The commercial real estate market has a whole new feel these days. Gone are the days of buyer-fueled bidding wars caused by too few buildings driven out by too many occupants – the classic imbalance between supply and demand.

We were racing through the first five months of 2022 when bam! We hit a huge speed bump called the Federal Reserve.

You see, to rein in runaway inflation, the Fed raised interest rates – some would argue too aggressively. Buyers felt encouraged to behave, well, like buyers. Personally, our team felt the impact as we had three deals canceled at the altar. Abandoned indeed.

Our last divorce, a terminated transaction, involved a private investor in his search for a suitable purchase. He sold a property in June and now has to redeploy the proceeds to defer capital gains tax.

As we scoured the universe of available leased buildings, we settled on single-tenant, net-leased industrial buildings, ideally in Southern California. What we found in our search area are many sale-leasebacks. After all, net rented real estate is created by one, an investor believing the time is right to sell, or two, an occupier who needs equity from their owner-occupied establishment. The latter was the genesis of the implosion of our business.

Therefore, I thought it would be interesting to review sale-leaseback and some things to consider when pursuing them. So this is it.

I have recently advised a number of my clients to consider selling their commercial real estate and entering into a three to ten year lease with the investor buying it. A few listened.

This structure, in our parlance, is known as a sale-leaseback. Different from a simple lease and not a short-term lease which allows for a purchase, a sale-leaseback allows an owner-occupier the opportunity to sell at today’s high prices and stay in the building – although than as a tenant – and avoid moving.

It’s a clever arrangement when the right motives are involved.

But let’s also talk about the disadvantages of a sale-leaseback.

The message it sends: When a sale-leaseback is listed and marketed for sale, the buyer’s questions range from “why is it selling?” to “is her business leaking gills and needing money to survive?”

Usually there is a story and it is essential to understand the story: why is the seller selling and how will the finances turn out? Our challenge recently has been the solvency of the occupier and the seas of red ink that we have been asked to navigate. At the end, we said “next” and moved on.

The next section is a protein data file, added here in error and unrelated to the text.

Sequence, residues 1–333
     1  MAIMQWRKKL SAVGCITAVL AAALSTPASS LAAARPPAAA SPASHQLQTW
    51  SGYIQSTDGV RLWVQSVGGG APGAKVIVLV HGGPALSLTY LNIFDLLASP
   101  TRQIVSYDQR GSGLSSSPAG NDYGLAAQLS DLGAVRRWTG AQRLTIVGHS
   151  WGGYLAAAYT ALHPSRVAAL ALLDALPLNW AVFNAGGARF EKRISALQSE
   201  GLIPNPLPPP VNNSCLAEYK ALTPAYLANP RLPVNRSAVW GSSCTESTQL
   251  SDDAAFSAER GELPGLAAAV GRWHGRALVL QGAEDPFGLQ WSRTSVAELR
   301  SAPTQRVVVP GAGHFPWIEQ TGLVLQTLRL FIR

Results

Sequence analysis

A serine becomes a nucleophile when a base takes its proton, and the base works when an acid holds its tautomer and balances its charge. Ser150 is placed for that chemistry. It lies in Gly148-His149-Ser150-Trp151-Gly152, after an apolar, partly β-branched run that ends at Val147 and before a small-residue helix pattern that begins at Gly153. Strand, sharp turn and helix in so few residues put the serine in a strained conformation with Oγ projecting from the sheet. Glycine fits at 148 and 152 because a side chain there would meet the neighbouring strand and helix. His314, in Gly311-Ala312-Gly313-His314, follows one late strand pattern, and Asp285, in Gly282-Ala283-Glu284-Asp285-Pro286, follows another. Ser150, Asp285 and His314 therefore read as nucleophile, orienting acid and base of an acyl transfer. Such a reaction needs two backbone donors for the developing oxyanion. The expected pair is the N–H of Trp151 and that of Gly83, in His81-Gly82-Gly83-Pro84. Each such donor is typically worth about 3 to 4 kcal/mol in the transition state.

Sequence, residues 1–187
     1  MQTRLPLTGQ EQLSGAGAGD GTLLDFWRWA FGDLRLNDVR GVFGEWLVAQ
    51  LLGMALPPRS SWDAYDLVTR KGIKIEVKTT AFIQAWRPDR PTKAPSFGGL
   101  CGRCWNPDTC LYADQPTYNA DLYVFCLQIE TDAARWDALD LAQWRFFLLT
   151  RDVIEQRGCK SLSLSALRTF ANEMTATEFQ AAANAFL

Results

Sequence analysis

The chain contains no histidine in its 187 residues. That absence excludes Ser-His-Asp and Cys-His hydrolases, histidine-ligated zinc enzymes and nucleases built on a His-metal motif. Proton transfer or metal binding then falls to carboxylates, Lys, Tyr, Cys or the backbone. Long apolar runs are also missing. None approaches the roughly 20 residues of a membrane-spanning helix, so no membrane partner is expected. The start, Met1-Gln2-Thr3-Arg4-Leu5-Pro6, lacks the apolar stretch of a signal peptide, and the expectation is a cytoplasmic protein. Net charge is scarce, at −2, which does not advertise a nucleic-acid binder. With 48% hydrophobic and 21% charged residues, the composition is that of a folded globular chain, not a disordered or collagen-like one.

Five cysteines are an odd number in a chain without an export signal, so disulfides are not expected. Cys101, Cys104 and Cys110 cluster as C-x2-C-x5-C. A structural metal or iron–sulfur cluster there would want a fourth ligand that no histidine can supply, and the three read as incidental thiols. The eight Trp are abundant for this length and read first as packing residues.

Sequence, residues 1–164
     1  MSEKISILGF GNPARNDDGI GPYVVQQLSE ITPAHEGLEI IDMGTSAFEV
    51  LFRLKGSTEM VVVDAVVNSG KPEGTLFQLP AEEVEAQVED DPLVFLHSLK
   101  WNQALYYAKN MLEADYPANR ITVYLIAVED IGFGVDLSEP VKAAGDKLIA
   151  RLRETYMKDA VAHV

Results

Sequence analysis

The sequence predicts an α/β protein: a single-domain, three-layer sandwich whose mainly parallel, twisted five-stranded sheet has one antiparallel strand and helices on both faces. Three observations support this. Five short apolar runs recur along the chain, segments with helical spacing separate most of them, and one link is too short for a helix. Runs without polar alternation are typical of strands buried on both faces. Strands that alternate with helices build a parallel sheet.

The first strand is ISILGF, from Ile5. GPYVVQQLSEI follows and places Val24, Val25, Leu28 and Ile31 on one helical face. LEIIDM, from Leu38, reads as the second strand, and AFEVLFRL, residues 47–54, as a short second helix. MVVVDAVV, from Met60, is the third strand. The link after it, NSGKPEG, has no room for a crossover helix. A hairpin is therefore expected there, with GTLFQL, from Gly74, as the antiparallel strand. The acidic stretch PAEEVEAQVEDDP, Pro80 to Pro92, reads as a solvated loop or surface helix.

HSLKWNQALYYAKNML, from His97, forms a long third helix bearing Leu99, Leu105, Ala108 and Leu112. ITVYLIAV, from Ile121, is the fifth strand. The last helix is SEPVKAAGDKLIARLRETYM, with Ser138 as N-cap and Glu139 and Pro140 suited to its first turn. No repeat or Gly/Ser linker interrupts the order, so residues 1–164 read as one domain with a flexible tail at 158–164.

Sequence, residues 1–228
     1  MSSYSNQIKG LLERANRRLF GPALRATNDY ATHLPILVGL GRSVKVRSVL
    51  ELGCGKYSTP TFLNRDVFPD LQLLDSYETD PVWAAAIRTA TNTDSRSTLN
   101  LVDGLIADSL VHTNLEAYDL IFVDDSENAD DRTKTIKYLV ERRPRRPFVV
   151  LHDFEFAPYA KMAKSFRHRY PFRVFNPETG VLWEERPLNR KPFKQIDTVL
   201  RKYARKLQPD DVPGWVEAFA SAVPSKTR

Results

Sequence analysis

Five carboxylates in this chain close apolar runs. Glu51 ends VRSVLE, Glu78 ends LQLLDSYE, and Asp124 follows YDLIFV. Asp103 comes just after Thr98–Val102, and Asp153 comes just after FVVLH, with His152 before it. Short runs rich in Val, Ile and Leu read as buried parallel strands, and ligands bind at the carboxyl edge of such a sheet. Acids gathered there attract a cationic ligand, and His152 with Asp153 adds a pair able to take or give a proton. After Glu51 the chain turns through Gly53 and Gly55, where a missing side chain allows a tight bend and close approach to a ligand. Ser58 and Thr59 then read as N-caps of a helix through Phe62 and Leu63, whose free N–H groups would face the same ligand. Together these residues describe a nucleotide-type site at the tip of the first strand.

Lease: Value is determined by taking the rent a business is willing to pay and presenting that payment as a return on investment. Simply put, if the company pays $10,000 per month or $120,000 per year, and the return is 5%, the resulting value is $2.4 million. Easy, yes?

Now the fun begins. Where is $10,000 a month compared to what other comparable buildings are making in rent? It’s either above, below, or at par. If it’s over or under, you’re golden. Above and you get confused. You see, an investor is looking at the worst case scenario: if the occupier kicks out the hook after a year and can’t pay the rent – or worse goes bankrupt – then you’re stuck with a building that you can’t rent for the same amount she was paying. So was our conclusion in the failed affair.

The operating company is short of: One of the benefits of owned real estate is flexibility when times get tough.

For example, we own the office building that we occupy. We are the owner and the tenant. When our income dropped in 2009 and 2010, we simply reduced our monthly payments to ourselves. Once an independent investor enters the fray, you are simply a tenant and the flexibility evaporates.

In our canceled scenario above, the rent was inflated in order to make the most of the sale. The problem was that the rent was unsustainable.

The tax consequences: As we have discussed, the sale of appreciated commercial real estate comes with severe tax consequences, unless a tax-deferred exchange is used. Yes, equity is funded but at a significant cost, in some cases up to 35%. You may be wondering why this is important. Unless the seller has carefully considered these consequences, the transaction may come to a screeching halt.

Fortunately, we still have the commitment and are proceeding with the second possibility. This time, the seller is independent of the company. So we’ll see.

Allen C. Buchanan, SIOR, is a principal at Lee & Associates Commercial Real Estate Services in Orange. He can be reached at [email protected] or 714.564.7104.